FOR IMMEDIATE RELEASE:
March 21, 2008 - TALLAHASSEE --
URGES VACCINATIONS FOLLOWING EARLY
Florida Agriculture and Consumer Services Commissioner Charles H. Bronson is reminding horse owners to take advantage of the vaccines available to protect their animals against Eastern Equine Encephalitis (EEE) and West Nile Virus.
As the weather in Florida warms up, the mosquito populations will increase as will the potential for mosquito-borne diseases. Already, nine cases of EEE have been confirmed in Florida since the beginning of the year even though the peak season does not begin until May. There were 18 cases of EEE in 2007 for the entire year.
Bronson says the majority of cases can be prevented through proper vaccinations and booster shots against mosquito-borne illnesses and he is urging horse owners to take action now. In the nine cases in 2008, six of the horses had not been vaccinated and two had not gotten booster shots. Only one horse was current with vaccinations.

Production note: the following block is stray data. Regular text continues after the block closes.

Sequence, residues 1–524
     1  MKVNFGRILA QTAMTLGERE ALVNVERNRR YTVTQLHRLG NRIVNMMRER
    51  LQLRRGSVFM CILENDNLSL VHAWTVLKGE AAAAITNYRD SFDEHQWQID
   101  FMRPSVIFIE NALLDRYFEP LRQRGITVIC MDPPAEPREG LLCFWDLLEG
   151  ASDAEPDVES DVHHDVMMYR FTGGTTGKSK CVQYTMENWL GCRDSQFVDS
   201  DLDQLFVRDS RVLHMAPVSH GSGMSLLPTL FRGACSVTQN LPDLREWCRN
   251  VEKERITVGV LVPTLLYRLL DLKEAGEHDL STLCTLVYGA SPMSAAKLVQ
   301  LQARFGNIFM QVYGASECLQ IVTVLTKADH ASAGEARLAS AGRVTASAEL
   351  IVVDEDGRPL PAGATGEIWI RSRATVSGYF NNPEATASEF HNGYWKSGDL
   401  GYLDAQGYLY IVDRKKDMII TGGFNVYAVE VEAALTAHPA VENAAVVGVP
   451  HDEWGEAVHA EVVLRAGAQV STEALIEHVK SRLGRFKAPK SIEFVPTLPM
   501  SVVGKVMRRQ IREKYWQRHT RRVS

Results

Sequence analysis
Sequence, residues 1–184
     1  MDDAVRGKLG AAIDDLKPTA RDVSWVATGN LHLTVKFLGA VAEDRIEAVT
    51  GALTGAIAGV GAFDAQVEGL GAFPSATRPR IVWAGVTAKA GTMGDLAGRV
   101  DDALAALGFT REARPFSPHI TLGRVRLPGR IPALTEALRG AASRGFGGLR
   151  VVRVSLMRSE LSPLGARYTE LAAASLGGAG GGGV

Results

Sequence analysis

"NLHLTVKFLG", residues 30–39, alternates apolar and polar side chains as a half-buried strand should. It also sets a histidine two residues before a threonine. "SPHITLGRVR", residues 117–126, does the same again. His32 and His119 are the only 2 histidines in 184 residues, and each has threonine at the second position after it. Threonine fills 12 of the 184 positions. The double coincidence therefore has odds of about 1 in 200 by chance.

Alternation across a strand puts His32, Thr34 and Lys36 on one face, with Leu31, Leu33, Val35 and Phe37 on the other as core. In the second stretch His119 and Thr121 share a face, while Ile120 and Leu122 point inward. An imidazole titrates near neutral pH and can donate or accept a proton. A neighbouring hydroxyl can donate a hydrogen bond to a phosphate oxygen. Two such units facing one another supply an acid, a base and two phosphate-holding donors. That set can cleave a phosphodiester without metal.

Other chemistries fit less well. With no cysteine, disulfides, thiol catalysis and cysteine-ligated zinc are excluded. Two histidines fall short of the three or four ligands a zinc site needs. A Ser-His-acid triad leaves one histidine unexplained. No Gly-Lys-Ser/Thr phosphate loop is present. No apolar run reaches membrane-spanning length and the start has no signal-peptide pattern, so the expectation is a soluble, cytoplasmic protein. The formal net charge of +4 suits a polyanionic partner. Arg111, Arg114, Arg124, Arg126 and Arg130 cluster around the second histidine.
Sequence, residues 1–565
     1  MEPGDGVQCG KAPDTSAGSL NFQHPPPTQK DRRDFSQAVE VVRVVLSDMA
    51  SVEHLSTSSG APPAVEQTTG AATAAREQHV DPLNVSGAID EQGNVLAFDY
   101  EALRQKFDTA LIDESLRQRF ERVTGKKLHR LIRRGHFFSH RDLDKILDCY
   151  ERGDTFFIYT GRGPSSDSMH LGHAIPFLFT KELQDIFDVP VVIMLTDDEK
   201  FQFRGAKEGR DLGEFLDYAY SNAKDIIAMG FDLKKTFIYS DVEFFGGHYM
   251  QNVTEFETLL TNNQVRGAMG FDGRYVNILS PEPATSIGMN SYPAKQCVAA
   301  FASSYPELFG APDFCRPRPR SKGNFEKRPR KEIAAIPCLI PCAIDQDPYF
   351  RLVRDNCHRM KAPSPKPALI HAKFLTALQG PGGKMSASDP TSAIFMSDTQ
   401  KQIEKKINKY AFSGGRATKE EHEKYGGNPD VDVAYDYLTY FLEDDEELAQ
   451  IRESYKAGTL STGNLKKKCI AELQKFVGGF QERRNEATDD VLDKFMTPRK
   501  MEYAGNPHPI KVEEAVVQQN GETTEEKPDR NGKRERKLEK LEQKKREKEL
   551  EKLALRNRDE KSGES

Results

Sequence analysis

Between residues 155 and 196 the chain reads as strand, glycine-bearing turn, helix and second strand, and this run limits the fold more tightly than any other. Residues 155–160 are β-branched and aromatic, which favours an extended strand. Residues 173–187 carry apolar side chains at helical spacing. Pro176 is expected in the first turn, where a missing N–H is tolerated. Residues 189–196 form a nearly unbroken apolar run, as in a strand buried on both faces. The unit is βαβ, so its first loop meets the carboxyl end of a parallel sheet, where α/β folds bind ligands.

"I am very concerned about the high number of cases so early in the year and I hope it doesn't mean we are in for a bad year," Bronson said. "But we can take steps to keep that from happening, and that is to get the vaccinations done as quickly as possible."
EEE is a viral disease that affects the central nervous system and is transmitted to horses by infected mosquitoes. Signs of the virus include fever, listlessness, stumbling, circling, coma and usually death. The disease is fatal in horses in 90 percent of the cases.
So far this year EEE has been confirmed in horses in Putnam, Lake, Polk, Columbia, Clay and Volusia counties, all of which were fatal. Volusia has been hit the hardest, with four of the nine cases having been found there.